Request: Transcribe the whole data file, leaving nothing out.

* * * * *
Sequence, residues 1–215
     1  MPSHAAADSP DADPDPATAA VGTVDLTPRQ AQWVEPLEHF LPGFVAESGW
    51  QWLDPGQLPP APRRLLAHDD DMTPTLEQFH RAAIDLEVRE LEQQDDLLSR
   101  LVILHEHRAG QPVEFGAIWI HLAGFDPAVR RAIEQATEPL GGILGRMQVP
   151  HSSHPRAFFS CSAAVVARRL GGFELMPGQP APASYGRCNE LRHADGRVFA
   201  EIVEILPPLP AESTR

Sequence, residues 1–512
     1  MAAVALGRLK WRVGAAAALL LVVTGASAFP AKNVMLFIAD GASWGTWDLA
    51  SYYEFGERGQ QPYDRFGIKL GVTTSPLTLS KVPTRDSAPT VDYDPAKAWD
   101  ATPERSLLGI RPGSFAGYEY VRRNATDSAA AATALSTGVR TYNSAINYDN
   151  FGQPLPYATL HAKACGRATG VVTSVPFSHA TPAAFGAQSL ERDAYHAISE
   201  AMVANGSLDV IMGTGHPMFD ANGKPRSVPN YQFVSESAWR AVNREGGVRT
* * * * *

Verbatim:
Sequence, residues 1–215
     1  MPSHAAADSP DADPDPATAA VGTVDLTPRQ AQWVEPLEHF LPGFVAESGW
    51  QWLDPGQLPP APRRLLAHDD DMTPTLEQFH RAAIDLEVRE LEQQDDLLSR
   101  LVILHEHRAG QPVEFGAIWI HLAGFDPAVR RAIEQATEPL GGILGRMQVP
   151  HSSHPRAFFS CSAAVVARRL GGFELMPGQP APASYGRCNE LRHADGRVFA
   201  EIVEILPPLP AESTR

Sequence, residues 1–512
     1  MAAVALGRLK WRVGAAAALL LVVTGASAFP AKNVMLFIAD GASWGTWDLA
    51  SYYEFGERGQ QPYDRFGIKL GVTTSPLTLS KVPTRDSAPT VDYDPAKAWD
   101  ATPERSLLGI RPGSFAGYEY VRRNATDSAA AATALSTGVR TYNSAINYDN
   151  FGQPLPYATL HAKACGRATG VVTSVPFSHA TPAAFGAQSL ERDAYHAISE
   201  AMVANGSLDV IMGTGHPMFD ANGKPRSVPN YQFVSESAWR AVNREGGVRT